Francesco (second from left) and Jordan (middle) during the July PeerForward workshop in Rochester.
Victor Llorente for The New York Times

Francesco’s family is from Ecuador. His grandparents immigrated to the Corona neighborhood in Queens in the 1960s. His grandfather worked a job doing laundry at a hospital and sent money back to his family in his home country. Francesco’s mother took out loans to put herself through Baruch College and is now an executive assistant for the chief financial officer of Peloton. His father, who didn’t go to college, joined the Navy; he is now a building technician. Francesco is a rising senior at All Hallows High School, an all-boys private Catholic school in the South Bronx. It was not his parents’ plan to enroll him in private school, but Francesco was recruited by a scout who, on one fateful day, came across his submission at a middle-school science fair: a Tesla coil he built after watching a documentary about its inventor on the History Channel. “I saw the wiring diagram,” he said, “and I thought, Hmm, maybe I could build this.”

Francesco told me he had fantasized about attending the Massachusetts Institute of Technology since he was about 12. As a kid, he watched YouTube videos of engineers building “awesome contraptions” that involved exploding Coke bottles and roving hoverboards, and it would come up time and again that many of these engineers had gone to M.I.T. Francesco had done everything in his power to make himself an attractive applicant. He had more extracurriculars to list than the Common App had space for: A third-degree black belt in taekwondo, community service, student government, engineering club, woodworking, a computer-science program with Google and a school production of Lin-Manuel Miranda’s “In the Heights,” in which he was an understudy for the role of Kevin Rosario, Nina’s overprotective father, were just a few of them. But his test scores were below M.I.T.’s average, and he feared his chances of getting in had been hurt further by the recent ban on affirmative action. “I guess I’m kind of at a disadvantage because I kind of lost that,” he said.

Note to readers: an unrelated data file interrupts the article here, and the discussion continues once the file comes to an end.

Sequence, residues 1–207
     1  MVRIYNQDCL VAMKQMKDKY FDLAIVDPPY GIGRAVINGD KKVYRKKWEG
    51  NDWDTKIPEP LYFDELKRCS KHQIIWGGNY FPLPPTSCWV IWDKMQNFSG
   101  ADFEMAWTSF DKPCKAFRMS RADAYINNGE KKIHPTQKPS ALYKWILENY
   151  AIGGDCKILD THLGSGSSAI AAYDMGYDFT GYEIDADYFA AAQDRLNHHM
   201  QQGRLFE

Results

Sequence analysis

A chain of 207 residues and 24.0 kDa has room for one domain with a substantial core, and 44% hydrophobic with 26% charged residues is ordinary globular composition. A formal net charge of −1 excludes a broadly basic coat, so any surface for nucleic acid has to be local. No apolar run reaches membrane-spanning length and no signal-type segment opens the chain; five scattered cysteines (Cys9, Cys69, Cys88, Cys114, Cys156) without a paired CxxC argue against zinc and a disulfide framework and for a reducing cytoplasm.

M.I.T., which admitted just 4.8 percent of its applicants last year, was one of many highly selective American universities that practiced race-conscious admissions until the court’s decision this summer. Though these elite colleges represent only a sliver of American higher-education institutions, they are known for their outsize ability to help students who grew up in low-income households become high earners after graduation. But now that explicitly weighing race in admissions is unlawful, enrollment of Black and Latino students at these top-tier schools is likely to fall immediately — in part because colleges’ fears of legal retribution and court scrutiny may outweigh their interests in maintaining racial diversity. An amicus brief filed with the Supreme Court by top liberal arts colleges including Amherst, Williams and Middlebury projects that “the percentage of Black students matriculating would drop from roughly 7.1 percent of the student body to 2.1 percent” on their campuses. There’s also precedent to look at: When the University of California became subject to an affirmative-action ban in 1998, Black and Latino enrollment fell as much as 40 percent at Berkeley and U.C.L.A. within a single year. Even if colleges manage to maintain their diversity goals, they are wary of legal action from determined anti-affirmative-action opponents that are on the lookout for, as one admissions dean put it, “any institution that doesn’t see a dip.”